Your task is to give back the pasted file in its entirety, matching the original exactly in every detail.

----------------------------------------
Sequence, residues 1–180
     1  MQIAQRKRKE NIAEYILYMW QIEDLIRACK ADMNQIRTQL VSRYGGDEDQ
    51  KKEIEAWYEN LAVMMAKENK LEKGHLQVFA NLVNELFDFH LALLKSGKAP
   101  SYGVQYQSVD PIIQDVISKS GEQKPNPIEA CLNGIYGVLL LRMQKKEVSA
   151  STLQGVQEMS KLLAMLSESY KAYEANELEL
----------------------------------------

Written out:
Sequence, residues 1–180
     1  MQIAQRKRKE NIAEYILYMW QIEDLIRACK ADMNQIRTQL VSRYGGDEDQ
    51  KKEIEAWYEN LAVMMAKENK LEKGHLQVFA NLVNELFDFH LALLKSGKAP
   101  SYGVQYQSVD PIIQDVISKS GEQKPNPIEA CLNGIYGVLL LRMQKKEVSA
   151  STLQGVQEMS KLLAMLSESY KAYEANELEL